A scheme for a new instrument was drawn up by John Bertalot (the Cathedral Organist), in consultation with Francis Jackson and Bert Collop (managing director of Walker’s). William Thompson, a generous benefactor from Burnley who had already given large sums of money for the restoration of the Nave and the building of the Lantern Tower and Spire, was asked by John Bertalot to give £30,000 to pay for the new organ. On 20th March, 1968, an envelope arrived from him with a cheque for 30,000 guineas (£31, 500) made out to John Bertalot. The new organ was dedicated on 20th December 1969. It was voiced by Walter Goodey and Dennis Thurlow. John Hayward, the artist, consulted with Walker’s to produce the stunning highly coloured organ “cases”, including swell boxes which are in full view, and a doubly mitred Serpent, coloured green and gold.
The organ swiftly gained an enviable reputation for its vibrant tonal quality, most notably the fiery reed stops. However, from as early as 1983, serious problems became apparent, particularly in relation to the wind system and action. At the same time, the Lantern Tower also required major work, thus delaying work to the organ. In 1994, shortly after Gordon Stewart’s appointment as Director of Music, David Wood took over the care of the organ. Some short term problems were attended to and the console was modernised.
In October 2000 an appeal was launched to restore the organ. I was keen that all of the 1969 tonal features should be retained, but that the opportunity should be taken to provide various extra colours to enhance and better equip an instrument that is expected not only to accompany liturgy on a daily basis, but also to present the complete range of solo repertoire in a stylistic manner. For example, I felt that an Oboe on the Swell and a Fifteenth on the Great were essential additions. Also that a reed at 8’ pitch on the Positive and a Vox Humana would be useful and that the organ really needed additional 8’ foundation pitch, more gravitas on the Pedal and extra 16’ manual tone. In order to address these desired tonal additions and to bring the organ into proper working order, I devised a scheme to restore and enlarge the organ, in consultation with David Briggs, John Bertalot, Canon Andrew Hindley, Greg Morris and David Wood. The organ was restored and enlarged between July 2001 and June 2002, during which time a Rodgers digital instrument was used.
The entire instrument has been cleaned and overhauled. A Fifteenth on the Great and a Cliquot-style Cromorne on the Positive have been added. The new Solo department has been positioned above the Great, with new stops: Flûte Harmonique 8’, Viola 8’, Viola Céleste 8’, Flûte Octaviante 4’ and Voix Humaine. The old Swell Cromorne has been moved to the Solo, and renamed “Clarinette”; in its place on the Swell is a new Hautbois. Two new ranks of pipes have been made available on the Pedal: a 6 2/5 Grosse Tierce and 10 2/3 Grosse Quint. Two new digital ranks, by Walker Technical Company USA, have also been made available on the Pedal: 32’ Sub Principal and 16’ Flûte Ouverte. A wealth of octave and sub-octave couplers have been provided. A new 4 manual console has been built by Wood of Huddersfield, in the style of the original 3 manual console. A new Cymbelstern and star have been added and safety features for maintaining the instrument have been incorporated.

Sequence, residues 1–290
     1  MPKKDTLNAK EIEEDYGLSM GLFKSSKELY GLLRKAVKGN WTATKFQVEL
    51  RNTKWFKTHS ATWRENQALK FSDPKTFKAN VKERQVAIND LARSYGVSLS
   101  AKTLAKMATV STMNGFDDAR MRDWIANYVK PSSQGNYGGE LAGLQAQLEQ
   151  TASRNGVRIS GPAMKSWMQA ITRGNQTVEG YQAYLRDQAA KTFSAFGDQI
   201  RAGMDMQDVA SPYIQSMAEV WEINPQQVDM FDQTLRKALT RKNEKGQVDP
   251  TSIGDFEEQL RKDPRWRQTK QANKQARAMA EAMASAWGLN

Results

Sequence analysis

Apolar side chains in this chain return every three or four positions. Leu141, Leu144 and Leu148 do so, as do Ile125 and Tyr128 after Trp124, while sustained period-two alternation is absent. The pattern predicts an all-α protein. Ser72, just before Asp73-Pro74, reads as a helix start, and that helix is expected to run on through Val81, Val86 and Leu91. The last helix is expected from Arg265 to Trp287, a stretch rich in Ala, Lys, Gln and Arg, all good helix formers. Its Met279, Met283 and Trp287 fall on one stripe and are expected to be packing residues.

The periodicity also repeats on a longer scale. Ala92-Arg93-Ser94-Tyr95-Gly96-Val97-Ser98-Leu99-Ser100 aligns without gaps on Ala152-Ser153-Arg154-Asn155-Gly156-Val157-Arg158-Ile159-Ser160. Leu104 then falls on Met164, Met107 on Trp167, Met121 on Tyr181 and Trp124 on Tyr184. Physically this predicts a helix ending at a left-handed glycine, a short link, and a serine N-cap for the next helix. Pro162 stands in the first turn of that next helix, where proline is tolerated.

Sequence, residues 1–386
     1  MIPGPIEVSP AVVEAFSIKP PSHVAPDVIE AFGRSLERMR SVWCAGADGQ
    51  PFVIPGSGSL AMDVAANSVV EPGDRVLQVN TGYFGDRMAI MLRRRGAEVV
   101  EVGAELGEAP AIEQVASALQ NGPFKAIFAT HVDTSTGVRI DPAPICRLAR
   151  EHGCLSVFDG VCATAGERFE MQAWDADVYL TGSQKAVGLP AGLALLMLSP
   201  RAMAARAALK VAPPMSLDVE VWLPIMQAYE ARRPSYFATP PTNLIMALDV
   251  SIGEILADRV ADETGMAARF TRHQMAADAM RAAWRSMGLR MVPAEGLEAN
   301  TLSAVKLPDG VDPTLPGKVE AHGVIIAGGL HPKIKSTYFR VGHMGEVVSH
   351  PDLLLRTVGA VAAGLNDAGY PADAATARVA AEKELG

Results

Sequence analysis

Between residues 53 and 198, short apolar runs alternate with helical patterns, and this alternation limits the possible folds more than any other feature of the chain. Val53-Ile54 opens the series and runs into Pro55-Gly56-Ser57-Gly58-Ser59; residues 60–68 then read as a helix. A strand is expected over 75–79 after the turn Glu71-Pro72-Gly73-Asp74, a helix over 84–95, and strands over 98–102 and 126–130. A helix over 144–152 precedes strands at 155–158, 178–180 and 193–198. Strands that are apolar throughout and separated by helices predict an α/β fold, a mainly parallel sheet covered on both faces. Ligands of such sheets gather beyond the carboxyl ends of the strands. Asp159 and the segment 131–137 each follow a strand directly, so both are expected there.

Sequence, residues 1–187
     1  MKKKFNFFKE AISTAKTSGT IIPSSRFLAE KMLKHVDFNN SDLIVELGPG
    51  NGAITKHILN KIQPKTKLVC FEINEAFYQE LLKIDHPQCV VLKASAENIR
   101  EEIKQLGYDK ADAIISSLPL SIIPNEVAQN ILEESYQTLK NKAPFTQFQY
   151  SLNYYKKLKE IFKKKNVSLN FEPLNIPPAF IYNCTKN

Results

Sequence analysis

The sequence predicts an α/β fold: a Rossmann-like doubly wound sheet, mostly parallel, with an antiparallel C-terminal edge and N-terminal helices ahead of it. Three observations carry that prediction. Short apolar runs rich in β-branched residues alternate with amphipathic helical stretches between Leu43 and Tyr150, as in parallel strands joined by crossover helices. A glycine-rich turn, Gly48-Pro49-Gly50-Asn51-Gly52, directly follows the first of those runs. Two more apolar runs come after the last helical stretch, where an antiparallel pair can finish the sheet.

David Wood and his colleagues have developed the instrument with great skill; they have breathed new life into all the wonderful original colours which had been sounding tired for some years and have blended new ranks into the organ in such a sensitive way. The result is an incredibly versatile and reliable instrument with a tremendous range of dynamic and tonal colour, coupled with a sense of sheer power, but also great subtlety and tremendous beauty. There are few organs in the world that can demonstrate the entire solo repertoire with such a convincing sense of style. It is also a fantastic organ for the liturgy, capable of accompanying choir and congregation in a sensitive manner. The full range of the organ’s capabilities was shown off to great effect at the opening recital by David Briggs on 6th July 2002. This recording provides further evidence!
Recorded in Blackburn Cathedral on 2nd and 3rd November 2004 by kind permission of the Dean and Chapter
Produced by Richard Tanner
Recorded and edited by Lance Andrews
Cover from a picture “B is for Banquet” by Revd Dr R S Murrin